26/06/2013 06:20 BST | Updated 25/08/2013 06:12 BST

A Fair Deal for Social Tenants

Poverty campaigners often talk about the 'unmet needs' of one group or another. And there is no doubt that our welfare state leaves a lot of needs unmet.

But we don't talk often enough about a second category - people who don't have needs but have these un-needs met.

Last week Centre for London (the think tank I run) published a report on higher earning council and housing association tenants - a good example, arguably, of people with 'met-unneeds'. Our research showed that around 16 per cent of London 'social' households earn above the average London median wage (around £27,000). Yet social tenants pay on average around half the rent that their homes would get on the open market, in effect receiving a subsidy of around £5,000 a year. (We focus on London because London has by far the highest number of higher earning social tenants receiving by far the biggest subsidy of any region of the country).

With social housing in very short supply and public spending on the rack, it seems right to ask if this is fair. Can we justify a system that charges tenants a sub-market rent regardless of income?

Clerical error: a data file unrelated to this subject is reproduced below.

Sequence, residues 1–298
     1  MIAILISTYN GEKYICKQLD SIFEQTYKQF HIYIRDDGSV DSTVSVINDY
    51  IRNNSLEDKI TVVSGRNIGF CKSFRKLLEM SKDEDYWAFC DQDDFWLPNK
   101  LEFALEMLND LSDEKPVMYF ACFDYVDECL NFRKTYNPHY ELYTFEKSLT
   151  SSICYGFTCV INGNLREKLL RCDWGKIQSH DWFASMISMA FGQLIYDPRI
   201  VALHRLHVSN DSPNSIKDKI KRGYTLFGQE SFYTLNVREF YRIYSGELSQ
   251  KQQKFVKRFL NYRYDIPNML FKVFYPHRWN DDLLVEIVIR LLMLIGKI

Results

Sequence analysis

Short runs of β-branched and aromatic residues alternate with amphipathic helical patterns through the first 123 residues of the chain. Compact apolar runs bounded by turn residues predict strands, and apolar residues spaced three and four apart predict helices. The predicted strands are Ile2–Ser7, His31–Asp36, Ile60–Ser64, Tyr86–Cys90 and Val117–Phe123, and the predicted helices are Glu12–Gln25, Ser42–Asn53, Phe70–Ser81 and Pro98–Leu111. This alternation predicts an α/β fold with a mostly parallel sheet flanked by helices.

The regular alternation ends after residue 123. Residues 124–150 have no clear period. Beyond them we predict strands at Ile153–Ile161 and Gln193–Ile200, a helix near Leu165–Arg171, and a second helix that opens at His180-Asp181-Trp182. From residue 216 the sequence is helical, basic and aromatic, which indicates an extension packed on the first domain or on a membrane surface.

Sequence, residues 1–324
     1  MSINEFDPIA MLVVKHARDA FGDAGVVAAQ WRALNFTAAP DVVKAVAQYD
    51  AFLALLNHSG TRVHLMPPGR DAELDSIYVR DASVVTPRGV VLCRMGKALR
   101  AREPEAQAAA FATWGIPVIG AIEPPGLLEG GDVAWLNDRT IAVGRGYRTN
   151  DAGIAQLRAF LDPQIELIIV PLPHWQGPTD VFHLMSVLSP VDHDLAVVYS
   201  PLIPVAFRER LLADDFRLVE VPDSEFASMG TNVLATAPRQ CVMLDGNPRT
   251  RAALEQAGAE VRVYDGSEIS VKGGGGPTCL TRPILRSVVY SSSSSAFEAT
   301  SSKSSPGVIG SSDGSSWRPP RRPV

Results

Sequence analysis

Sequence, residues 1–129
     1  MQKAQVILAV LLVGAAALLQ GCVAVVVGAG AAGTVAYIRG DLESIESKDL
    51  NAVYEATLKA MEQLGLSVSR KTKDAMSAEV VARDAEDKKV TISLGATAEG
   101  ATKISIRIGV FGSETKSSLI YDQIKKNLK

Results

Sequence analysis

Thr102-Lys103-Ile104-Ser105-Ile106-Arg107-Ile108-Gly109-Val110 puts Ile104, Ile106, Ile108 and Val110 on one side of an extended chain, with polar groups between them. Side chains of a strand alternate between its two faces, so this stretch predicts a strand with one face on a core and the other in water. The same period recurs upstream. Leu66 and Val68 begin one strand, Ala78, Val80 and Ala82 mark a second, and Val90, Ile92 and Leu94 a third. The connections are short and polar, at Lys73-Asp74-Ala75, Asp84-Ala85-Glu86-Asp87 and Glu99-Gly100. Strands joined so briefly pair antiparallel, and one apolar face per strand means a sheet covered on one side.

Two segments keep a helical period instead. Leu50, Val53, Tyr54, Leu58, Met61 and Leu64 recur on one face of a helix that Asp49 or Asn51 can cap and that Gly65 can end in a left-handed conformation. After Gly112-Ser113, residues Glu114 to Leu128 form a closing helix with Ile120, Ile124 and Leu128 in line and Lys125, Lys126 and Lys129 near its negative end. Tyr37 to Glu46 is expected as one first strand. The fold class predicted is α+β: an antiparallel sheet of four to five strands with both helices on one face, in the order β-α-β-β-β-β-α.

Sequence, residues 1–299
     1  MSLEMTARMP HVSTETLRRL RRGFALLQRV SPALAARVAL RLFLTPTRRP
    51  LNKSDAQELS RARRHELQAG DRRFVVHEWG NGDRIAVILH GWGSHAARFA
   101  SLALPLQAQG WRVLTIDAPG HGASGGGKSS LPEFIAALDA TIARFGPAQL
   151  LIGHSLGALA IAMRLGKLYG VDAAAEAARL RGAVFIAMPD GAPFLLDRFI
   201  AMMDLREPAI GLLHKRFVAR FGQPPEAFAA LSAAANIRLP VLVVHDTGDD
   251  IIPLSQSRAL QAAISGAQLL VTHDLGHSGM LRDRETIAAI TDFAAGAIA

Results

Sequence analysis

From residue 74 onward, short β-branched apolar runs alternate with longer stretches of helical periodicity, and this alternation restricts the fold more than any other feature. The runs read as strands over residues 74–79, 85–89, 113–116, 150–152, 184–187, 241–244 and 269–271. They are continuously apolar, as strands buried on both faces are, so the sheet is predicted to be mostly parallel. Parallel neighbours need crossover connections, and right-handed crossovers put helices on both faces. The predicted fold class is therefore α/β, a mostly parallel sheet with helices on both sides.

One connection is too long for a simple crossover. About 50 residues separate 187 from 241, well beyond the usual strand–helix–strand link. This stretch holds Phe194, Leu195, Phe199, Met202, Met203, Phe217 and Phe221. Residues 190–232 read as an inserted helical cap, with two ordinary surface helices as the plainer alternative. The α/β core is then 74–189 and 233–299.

The Chancellor appears to think not. In the last Budget he pledged to introduce reforms that would give housing associations and councils freedom to charge all social households earning above £60,000 a year a market rent. We are expecting further details in the follow up to next week's Comprehensive Spending Review.

But less than one in 50 London social households have incomes above £60,000 and, and Pete Redman, the report's author, estimates that charging them a market rents would raise only around £30 million a year. At the same time, hiking rents up in this way creates an obvious problem. In effect any household moving from income of less than 59K to 60k is going to be a lot worse off - hardly an encouragement on aspiration.

Our report puts forward an alternative approach. We argue that social landlords should be allowed to raise rents incrementally on higher earning social tenants. Most of the 115,000 tenants earning above London average income would pay only a very slightly increased rent. Yet this scheme would raise around £300m a year in London alone, which could pay for more than 3000 new social homes a year.

We don't want to squeeze higher-earning tenants out of social housing. On the contrary, we argue that noone should face loosing their home because their income goes up. On our proposals higher-earning tenants should always be offered right to buy their homes or stay on at a market rent.

But the public is increasingly concerned to know that the welfare spending is directed to those who need it most. We need a fair deal for social tenants, and we should be asking higher-earning tenants to contribute a bit more.